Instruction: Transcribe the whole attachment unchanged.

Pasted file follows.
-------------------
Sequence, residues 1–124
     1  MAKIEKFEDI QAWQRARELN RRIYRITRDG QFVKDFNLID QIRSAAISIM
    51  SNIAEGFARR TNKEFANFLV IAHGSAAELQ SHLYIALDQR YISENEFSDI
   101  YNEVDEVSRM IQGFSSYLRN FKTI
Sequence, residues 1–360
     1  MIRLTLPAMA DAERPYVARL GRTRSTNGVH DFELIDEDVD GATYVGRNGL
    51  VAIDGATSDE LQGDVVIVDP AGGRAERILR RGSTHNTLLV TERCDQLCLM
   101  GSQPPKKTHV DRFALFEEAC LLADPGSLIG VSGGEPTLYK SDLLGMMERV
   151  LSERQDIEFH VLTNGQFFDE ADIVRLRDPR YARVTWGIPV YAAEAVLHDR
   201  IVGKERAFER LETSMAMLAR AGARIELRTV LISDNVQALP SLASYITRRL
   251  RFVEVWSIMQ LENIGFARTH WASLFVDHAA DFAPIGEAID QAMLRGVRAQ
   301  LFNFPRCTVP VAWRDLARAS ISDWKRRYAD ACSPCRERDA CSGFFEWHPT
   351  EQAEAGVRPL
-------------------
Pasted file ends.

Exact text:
Sequence, residues 1–124
     1  MAKIEKFEDI QAWQRARELN RRIYRITRDG QFVKDFNLID QIRSAAISIM
    51  SNIAEGFARR TNKEFANFLV IAHGSAAELQ SHLYIALDQR YISENEFSDI
   101  YNEVDEVSRM IQGFSSYLRN FKTI
Sequence, residues 1–360
     1  MIRLTLPAMA DAERPYVARL GRTRSTNGVH DFELIDEDVD GATYVGRNGL
    51  VAIDGATSDE LQGDVVIVDP AGGRAERILR RGSTHNTLLV TERCDQLCLM
   101  GSQPPKKTHV DRFALFEEAC LLADPGSLIG VSGGEPTLYK SDLLGMMERV
   151  LSERQDIEFH VLTNGQFFDE ADIVRLRDPR YARVTWGIPV YAAEAVLHDR
   201  IVGKERAFER LETSMAMLAR AGARIELRTV LISDNVQALP SLASYITRRL
   251  RFVEVWSIMQ LENIGFARTH WASLFVDHAA DFAPIGEAID QAMLRGVRAQ
   301  LFNFPRCTVP VAWRDLARAS ISDWKRRYAD ACSPCRERDA CSGFFEWHPT
   351  EQAEAGVRPL